On Being a Dog Mom

Wow, it’s been a year since I’ve filled this space with my usual nonsense. I apologize to those of you who were coming here often for my tardiness! But the cool thing is that I can take a moment to reflect on what a year it’s been since my last post.  I like to think that I’m constantly shifting and expanding but week by week, and even month by month you don’t see the same progress that a whole year provides. It’s neat!

So much has changed in my life since my last post, so I’ll start with letting you all know that I can now officially touch my toes!  Sounds weird right, but a year ago I was the loser that had to crouch down to tie my shoes or pick up the piece of mail I dropped. Now, I am a yogi goddess (well at least that’s how I like to think of myself).  Yoga has calmed my mind, brightened my spirit, and it’s slowly letting my inner hippie out. Ooommmm

In September I went back to Iceland.  Yeah you’re reading that right, back to ICELAND, for the second time, where it’s cold, rainy, windy and full of vast nothingness and elves. Why go to Mexico and sit on the beach sipping margs when you can freeze your ass off on the side of a glacier. Man, I love Iceland, it’s so rad. I’ll post some more photos of that at some point…promise!

Kirkjufellfoss, Iceland

And the highlight of the last year for me was the addition of Walter White, our mini labradoodle (yeah I’m that horrible person who bought a designer dog) who we have both become completely obsessed with. He arrived just before Christmas and threw a major wrench in our holiday plans requiring my mom to fly up from Portland for a week, but I just love this little ball of fluff so freaking much!

So since things have been a little slow and repetitive in the kitchen since his arrival I thought I’d share some thoughts on being a dog mom.  It’s a whole lotta work, even more for P who is a stay at home dog dad, having no office to retreat to. But when I come home and he rushes up all wiggles and wags with his tail hitting his face I just melt. Any amount of stress from my day goes right out the window, and then the work starts, ha ha.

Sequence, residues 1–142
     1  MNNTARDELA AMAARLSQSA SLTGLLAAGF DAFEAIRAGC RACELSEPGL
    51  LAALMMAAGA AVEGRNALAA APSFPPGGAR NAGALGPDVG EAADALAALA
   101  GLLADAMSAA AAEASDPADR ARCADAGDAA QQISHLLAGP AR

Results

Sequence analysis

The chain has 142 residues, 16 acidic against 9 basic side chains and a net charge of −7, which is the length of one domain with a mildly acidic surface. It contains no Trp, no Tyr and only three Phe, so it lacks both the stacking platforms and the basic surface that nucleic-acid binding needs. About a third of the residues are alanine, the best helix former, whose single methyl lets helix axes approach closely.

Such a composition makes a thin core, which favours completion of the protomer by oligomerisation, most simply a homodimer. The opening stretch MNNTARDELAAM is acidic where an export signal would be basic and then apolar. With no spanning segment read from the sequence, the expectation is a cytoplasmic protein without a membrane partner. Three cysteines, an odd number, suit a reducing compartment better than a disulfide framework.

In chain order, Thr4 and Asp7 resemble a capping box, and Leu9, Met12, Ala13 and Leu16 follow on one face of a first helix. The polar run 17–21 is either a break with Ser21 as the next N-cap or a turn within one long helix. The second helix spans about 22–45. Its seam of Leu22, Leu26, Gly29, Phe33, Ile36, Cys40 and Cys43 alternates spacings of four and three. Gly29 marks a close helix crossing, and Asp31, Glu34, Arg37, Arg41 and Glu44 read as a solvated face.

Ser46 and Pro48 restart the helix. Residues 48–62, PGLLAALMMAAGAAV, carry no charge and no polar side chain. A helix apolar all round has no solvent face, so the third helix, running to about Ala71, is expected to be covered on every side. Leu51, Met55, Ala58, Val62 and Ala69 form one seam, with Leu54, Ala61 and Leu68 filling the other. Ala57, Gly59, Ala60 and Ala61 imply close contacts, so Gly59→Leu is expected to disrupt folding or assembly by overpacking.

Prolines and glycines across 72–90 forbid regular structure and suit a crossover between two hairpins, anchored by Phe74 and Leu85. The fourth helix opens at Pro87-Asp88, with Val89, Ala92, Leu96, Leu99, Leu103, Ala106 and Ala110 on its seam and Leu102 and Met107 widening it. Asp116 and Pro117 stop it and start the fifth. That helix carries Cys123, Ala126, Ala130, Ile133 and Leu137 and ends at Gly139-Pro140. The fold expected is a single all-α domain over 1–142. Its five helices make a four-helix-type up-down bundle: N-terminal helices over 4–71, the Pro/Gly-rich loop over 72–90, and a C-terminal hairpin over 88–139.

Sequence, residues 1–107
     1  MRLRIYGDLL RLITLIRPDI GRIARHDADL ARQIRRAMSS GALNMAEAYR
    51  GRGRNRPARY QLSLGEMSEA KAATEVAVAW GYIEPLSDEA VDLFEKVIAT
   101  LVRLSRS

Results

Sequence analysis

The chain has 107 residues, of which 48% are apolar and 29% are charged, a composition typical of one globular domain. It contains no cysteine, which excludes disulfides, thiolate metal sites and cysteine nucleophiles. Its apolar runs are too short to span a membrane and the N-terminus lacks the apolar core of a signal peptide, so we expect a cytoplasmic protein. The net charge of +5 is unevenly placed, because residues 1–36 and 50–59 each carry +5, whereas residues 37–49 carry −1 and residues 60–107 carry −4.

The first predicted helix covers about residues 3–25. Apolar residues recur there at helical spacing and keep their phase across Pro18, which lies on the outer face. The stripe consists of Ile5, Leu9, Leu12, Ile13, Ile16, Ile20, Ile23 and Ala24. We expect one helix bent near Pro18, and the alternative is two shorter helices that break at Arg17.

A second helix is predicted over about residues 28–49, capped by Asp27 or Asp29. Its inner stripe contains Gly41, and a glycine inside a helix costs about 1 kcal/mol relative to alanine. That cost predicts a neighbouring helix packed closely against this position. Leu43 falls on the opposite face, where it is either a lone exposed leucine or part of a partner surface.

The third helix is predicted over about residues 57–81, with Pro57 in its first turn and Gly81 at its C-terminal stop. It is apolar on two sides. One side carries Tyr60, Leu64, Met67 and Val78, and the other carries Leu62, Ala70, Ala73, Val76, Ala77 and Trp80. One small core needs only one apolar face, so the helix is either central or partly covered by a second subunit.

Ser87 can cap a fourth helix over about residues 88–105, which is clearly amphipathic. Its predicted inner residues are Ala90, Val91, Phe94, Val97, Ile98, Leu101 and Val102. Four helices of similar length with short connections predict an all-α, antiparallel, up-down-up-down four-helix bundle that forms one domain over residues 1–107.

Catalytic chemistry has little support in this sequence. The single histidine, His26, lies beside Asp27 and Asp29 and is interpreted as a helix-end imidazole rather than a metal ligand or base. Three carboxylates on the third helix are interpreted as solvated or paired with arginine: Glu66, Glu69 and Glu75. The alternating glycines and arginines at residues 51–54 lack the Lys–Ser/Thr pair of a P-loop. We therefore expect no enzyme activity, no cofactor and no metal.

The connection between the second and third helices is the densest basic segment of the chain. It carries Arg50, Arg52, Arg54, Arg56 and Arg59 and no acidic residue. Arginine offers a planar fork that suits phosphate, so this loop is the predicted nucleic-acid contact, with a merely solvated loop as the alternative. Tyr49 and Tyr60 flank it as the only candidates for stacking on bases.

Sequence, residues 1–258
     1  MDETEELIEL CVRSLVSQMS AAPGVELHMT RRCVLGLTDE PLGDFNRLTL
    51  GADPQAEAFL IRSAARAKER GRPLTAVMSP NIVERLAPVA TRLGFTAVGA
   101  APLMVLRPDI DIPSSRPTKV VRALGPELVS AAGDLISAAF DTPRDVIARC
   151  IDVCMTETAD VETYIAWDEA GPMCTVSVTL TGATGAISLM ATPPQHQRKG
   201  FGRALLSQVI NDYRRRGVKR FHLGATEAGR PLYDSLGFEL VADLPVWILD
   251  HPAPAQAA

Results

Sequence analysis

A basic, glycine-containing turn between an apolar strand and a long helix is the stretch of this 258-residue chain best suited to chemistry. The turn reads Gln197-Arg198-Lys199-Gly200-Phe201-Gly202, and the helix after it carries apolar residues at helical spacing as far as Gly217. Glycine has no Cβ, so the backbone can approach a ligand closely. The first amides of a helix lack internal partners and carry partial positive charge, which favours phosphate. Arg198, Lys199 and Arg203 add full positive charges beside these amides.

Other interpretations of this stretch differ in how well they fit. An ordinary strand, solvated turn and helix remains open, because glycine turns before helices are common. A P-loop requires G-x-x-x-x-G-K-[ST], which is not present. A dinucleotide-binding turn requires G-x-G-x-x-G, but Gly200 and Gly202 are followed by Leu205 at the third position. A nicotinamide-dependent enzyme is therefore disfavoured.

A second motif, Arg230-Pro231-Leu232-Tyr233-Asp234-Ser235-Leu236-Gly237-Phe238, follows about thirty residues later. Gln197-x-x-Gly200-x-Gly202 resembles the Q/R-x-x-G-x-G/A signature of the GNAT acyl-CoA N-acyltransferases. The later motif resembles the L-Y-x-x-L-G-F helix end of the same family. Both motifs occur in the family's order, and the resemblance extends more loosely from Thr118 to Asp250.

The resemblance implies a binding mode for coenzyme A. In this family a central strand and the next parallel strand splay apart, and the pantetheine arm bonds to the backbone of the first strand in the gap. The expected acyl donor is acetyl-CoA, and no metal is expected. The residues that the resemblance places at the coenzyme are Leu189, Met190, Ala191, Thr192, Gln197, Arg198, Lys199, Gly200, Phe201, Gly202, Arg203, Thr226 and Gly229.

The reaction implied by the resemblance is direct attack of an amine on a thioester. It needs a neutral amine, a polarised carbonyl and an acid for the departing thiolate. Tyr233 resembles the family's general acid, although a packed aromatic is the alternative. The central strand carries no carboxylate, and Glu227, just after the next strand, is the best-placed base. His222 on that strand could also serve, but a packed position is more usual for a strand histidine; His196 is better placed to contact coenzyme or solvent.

Going from a two person DINK household where you can do whatever you want, whenever you want without a ton of consideration for anyone else to adding a small puppy that needs essentially constant supervision is a big change.  After the first couple days we looked at each other and said “what the hell have we done, he’s a monster”.  But after a few weeks of 1, 3 and 5am pee breaks, constant worrying about my un-vaccinated puppy catching some terrible disease just from going outside, and a lot of no’s we started to see progress.

Living in an apartment with really slow elevators isn’t a great place to raise a puppy. Unless like me, you have a large patio where you can install a Porch Potty!  The Porch Potty is a genius invention, that you could totally DIY, that enables your pup to do its business without having to rush it down 26 floors every time it has an accident. And let me tell you, puppies have A LOT of accidents!  Like more than I imagined possible. Bottom line, if you have outdoor space and you live in a condo, shell out the $300 for one of these things and you will thank yourself every day thereafter!

I would also recommend bell training your puppy. It’s about as lame as it sounds. You hang some overpriced bells on your door (or you get a bell and some rope from the $$ store) and then every time the pup has an accident you take it to the door and say something corny like “ring your bells” and then rush it outside to pee in hopes that said pup will actually make it. I was a skeptic at first but then 2 weeks in Walter started ringing the bells!  It was really magical.  What’s extra magical is that now he rings the bells when he needs to do business, AND when he just wants to sniff around, which conveniently is usually when I’m brushing my teeth, about to hop in the shower, making dinner or trying to relax. Special!